6. Bettyrose says:

    Y’all ever read Shakespeare’s Measure for Measure? About a guy who’s jailed for putting his girlfriend “in the family way.” I wrote a college paper on the use of “pregnant “ in the play. It’s used to mean every conceivable (ha!) definition but knocked up. eg The air is pregnant with mystery.

    • Alarmjaguar says:

      Oh, I love that @Bettyrose. Now I want to immediately go and read it to catch all those moments. Shakespeare is a delight!

  7. Lauren says:

    “In the family way” was what they said in the 1920s. My god!

    • SnoodleDumpling says:

      Well, Queenie WAS born in 1926. Factor in her being born and raised in what is quite possibly the most conservative and old-fashioned family in the most conservative and old-fashioned social circles (both of which tend to push back the clock considerably) and we can comfortably refer to her as being late-Victorian.

  8. Selene says:

    I expect this from her, I mean, she clings desperately to the times when she was younger and she refuses to acknowledge that times are changing. I don’t blame her when it comes to posh vocabulary, there’s an elderly version of her in every culture/family whose life goal is to police the way young people talk.

  9. Murphy says:

    Uh if this is one of their ‘distract from Andrew’ pieces they are really grasping at straws.

  10. OptimalDork says:

    And back in the day when she was trying to get in the family way she probably was repeating “for god and country!” to get through it.
    Was that vulgar? Oops.

  11. Ines says:

    My late grandmother, who would have been a similar age, told me that in her youth women would disguise their pregnancies as much as possible, because… people would see you pregnant and work out how you got pregnant. The horror! ***clutches pearls***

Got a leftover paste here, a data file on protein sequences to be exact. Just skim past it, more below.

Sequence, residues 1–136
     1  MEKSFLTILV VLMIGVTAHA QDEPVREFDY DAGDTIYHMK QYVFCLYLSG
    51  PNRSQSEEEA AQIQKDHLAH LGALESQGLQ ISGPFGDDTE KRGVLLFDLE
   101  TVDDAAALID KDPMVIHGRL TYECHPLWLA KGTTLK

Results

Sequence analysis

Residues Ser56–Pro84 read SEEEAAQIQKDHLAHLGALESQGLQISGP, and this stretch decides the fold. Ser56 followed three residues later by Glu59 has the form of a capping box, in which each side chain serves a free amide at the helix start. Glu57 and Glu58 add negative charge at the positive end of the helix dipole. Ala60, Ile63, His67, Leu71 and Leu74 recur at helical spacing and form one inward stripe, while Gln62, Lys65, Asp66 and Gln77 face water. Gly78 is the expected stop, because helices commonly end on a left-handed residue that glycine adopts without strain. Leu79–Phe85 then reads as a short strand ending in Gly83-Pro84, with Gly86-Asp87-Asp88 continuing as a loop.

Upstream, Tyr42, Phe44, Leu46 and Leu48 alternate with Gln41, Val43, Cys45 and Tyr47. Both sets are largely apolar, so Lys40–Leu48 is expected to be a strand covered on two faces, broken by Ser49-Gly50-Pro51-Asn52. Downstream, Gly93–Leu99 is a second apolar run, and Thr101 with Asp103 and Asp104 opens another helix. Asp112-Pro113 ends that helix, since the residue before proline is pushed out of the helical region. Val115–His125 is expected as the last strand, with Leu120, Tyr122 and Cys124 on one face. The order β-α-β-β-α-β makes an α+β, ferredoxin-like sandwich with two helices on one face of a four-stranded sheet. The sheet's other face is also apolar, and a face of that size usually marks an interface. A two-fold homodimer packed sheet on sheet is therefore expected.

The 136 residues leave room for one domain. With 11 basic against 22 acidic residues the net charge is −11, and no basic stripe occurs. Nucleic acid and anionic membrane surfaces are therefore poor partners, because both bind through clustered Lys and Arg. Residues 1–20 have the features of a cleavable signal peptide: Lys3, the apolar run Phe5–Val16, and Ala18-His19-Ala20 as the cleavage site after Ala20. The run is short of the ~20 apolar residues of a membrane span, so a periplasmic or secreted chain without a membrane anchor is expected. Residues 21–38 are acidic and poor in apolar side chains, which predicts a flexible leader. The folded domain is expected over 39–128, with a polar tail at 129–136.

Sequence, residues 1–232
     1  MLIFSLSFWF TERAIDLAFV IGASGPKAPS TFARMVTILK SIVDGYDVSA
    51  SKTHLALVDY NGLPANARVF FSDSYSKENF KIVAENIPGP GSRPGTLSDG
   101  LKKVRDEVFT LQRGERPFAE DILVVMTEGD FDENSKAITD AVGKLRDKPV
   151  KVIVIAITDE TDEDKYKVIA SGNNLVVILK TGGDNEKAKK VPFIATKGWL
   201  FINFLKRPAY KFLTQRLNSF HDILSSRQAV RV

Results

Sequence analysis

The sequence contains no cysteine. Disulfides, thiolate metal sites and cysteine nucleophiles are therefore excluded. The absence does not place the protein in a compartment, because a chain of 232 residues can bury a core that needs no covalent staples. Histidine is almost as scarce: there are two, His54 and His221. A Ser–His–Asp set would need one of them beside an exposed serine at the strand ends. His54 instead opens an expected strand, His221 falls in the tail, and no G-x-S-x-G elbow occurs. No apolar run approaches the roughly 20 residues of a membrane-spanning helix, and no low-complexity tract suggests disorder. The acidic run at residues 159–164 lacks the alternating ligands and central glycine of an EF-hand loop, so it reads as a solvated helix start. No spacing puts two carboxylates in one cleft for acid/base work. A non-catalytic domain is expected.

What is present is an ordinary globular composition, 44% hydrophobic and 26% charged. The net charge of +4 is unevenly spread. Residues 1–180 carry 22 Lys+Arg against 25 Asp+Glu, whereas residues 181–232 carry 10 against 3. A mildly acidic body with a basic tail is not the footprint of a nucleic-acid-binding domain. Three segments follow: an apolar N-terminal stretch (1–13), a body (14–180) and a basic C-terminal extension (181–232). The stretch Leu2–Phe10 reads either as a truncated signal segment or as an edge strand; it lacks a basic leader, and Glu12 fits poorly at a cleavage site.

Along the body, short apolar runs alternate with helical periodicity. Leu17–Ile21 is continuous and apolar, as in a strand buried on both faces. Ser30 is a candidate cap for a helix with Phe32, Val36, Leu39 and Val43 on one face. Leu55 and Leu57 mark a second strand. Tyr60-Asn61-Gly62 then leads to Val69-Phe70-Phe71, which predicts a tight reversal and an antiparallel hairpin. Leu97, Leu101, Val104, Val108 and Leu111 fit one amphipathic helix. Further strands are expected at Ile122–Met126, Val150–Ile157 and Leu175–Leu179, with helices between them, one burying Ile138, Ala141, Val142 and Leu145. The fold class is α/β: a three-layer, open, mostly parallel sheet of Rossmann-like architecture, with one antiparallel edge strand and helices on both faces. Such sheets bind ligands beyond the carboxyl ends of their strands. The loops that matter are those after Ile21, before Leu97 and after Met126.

• GamerGrrl says:

      My MIL told me people would routinely look at her hitchin’ finger (her words) when she was pregnant and be HORRIFIED to find it empty. She had taken her rings off because of swelling. She was mortified that people would try to shame her while she’s just trying to do the groceries.

      • StrawberryBlonde says:

        I had my son 2 years ago when I was 37. My mom was 69 at the time. I took my rings off around 35 weeks pregnant due to swelling. Even my 69 year old mom said “you are comfortable walking around pregnant without a ring on??”. Um yeah Mom. It’s not the 1950s (which is exactly what I said to her).

      • Ines says:

        @GamerGrrl, @StrawberryBlonde, I will tell you another story my grandmother told me. The only time she made a point showing off her pregnancy, was when she was expecting her youngest. At this point, she had a 12 year old daughter in her house. She made a point of going to all the local shops wearing tight clothing that clearly showed her pregnant belly, while dragging her petite daughter along, so that there was no question of whose baby the newborn would be! lol

  12. ugh says:

    She’s very old. I know we analyze her behaviour a lot but when I think of my grandma who is a similar age, you just can’t have the same expectations as you would a younger person. I know my grandma still finds people living together without being married scandolous. I love her, but not the most modern thinker. Again, the queen is in her 90s. What do we expect?

  13. Liz version 700 says:

    I find harassing g a PREGNANT woman until she is suicidal vulgar Betty. Also shielding alleged Child predators

  14. Nanny to the Rescue says:

    Oh come on, cut the old lady some slack, she’s what now, 270 years old?

    I’m in my 40s and kids have adopted into their slang some words that were vulgar, offensive, homophobic, even racist, when I was young. From slang they’re already jumping into journalusm, so it’s just a matter of time until they’re official. I can’t get myself to use them, tho, I still find them nasty. Doubtless some kiddos here find ne ancient, like, 270 years old.